The Zamucoan family consists of two living languages: Ayoreo (AY) and Chamacoco (CH), spoken in Northern Chaco (between Bolivia and Paraguay) by approximately 4500 and 2000 people, respectively. The Zamucoan family also includes the now extinct Old Zamuco (OZ), described in the early 18th century by the Jesuit Father Ignace Chomé (1958 [ante 1745]). The first stable contacts with the Ayoreos began around the half of the last century, whereas the Chamacocos were already in contact with the Western civilization at the turn of the XIX century, thus undergoing the linguistic influence of Spanish and Guaraní. The Zamucoan family is divided into two branches stemming from Proto-Zamucoan (PZ): According to glottochronological computations (Holman et al. 2011; Müller et al. 2013), CH split long ago from OZ and AY, and indeed it only shares 30% of its lexical roots with AY (Bertinetto 2009). This notwithstanding, all three languages present morphosyntactic correspondences, allowing robust diachronic insights (Ciucci 2013; Ciucci & Bertinetto, to appear). Like all Chaco languages, Zamucoan distinguishes possessable and non-possessable nouns (Fabre 2007). In most languages of the area, the former employ personal prefixes to agree with the possessor, while the latter cannot host possessive markers. The possessive inflection of the Zamucoan languages is reported in the Table below, based on data from Ciucci 2013. From a merely descriptive point of view, one can detect the Person Prefix, the Thematic Vowel and the Root, in this order. The segmentation in the table shows that the first two components are not always obligatory. In the third person there is a contrast between reflexive third person (RFL), expressing coreference with the subject, and non-reflexive third person (3-person) characterized by remarkable polymorphism. The paradigm also includes a generic-form (GF), indicating unspecified possessor. The aim of this paper is to present a diachronic reconstruction of PZ possessive inflection. OZ is the most conservative language, while AY and CH present some innovations: (1) in CH the original 1S-inflection was replaced by the most frequent GF allomorph, while a new kind of GF, not to be found in the other Zamucoan languages, emerged; (2) CH has lost the 1P- and 2P-inflections; (3) the AY 1P-inflection and 2S/P-inflections show prefixes stemming from free personal pronouns. Although CH is the most innovative language, one can find some relics of the original 1S/P-inflections, which are of fundamental importance for reconstruction. In particular, the rare CH exceptions concerning the 1P-inflection show the same prefixes as OZ, never observed in AY despite the genetic proximity between AY and OZ. The paper will also point out that the reconstructed possessive inflections of PZ share remarkable similarity with the verb inflection (in particular with the irrealis mood). Interestingly, some of these morphological exponents can be found in other surrounding languages (Ciucci 2014). This lends support to the hypothesis that the Gran Chaco constitutes a linguistic area over and above the genetic divergence between its main linguistic families (Comrie et al. 2010). Indeed, the Chaco populations, although traditionally in mutual conflict, have been in narrow contact for centuries, so that not only lexical, but even morphological borrowings had a chance to emerge.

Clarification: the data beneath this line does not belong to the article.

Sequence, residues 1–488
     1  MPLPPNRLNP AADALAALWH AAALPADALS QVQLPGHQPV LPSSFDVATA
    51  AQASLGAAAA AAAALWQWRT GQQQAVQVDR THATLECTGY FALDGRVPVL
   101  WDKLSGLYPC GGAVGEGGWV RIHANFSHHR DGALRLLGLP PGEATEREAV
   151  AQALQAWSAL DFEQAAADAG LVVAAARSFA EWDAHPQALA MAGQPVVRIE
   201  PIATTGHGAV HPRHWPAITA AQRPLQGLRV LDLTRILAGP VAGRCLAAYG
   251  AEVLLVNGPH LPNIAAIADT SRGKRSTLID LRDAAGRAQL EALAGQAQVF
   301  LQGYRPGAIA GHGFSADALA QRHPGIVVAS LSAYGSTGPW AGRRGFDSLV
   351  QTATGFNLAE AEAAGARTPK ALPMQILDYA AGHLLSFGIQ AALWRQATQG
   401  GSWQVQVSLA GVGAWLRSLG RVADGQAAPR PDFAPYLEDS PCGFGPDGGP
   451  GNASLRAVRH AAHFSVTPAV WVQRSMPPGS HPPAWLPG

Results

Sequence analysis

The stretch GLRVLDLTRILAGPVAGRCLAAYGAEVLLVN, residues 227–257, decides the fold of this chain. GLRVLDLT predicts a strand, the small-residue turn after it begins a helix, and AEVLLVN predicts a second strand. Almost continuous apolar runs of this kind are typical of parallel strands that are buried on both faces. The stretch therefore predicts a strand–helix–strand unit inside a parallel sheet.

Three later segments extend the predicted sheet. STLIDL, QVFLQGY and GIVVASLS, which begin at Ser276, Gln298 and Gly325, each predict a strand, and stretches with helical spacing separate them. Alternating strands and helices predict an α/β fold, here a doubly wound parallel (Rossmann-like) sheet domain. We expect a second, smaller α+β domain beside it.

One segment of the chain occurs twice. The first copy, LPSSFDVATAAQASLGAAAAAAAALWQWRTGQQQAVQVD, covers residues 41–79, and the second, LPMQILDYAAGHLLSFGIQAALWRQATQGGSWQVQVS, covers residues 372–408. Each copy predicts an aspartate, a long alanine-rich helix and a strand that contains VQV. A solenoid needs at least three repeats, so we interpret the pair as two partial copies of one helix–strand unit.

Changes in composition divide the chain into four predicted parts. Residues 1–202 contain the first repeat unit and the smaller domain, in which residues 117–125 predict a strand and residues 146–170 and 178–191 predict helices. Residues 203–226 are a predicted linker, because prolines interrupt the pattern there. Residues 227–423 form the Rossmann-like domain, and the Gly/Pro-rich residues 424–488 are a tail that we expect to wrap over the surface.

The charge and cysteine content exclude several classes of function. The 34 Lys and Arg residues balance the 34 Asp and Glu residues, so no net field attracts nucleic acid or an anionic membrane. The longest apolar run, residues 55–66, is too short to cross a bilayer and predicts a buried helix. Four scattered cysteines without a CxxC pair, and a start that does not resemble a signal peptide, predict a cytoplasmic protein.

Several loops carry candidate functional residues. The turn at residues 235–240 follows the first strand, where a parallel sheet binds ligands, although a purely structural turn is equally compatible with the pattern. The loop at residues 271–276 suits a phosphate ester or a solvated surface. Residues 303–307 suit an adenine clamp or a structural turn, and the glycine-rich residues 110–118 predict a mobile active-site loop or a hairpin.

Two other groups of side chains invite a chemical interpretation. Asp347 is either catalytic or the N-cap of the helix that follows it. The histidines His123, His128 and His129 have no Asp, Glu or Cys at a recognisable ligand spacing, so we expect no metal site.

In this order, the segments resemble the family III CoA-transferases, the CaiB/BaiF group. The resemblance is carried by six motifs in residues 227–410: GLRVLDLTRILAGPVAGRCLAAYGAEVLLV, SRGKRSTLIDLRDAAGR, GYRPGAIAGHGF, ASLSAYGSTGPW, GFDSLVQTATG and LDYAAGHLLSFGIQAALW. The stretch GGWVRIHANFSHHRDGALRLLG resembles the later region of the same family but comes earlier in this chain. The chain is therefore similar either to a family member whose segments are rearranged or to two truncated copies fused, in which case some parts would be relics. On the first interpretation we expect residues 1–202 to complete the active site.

Reconstructing the possessive inflection of Proto-Zamucoan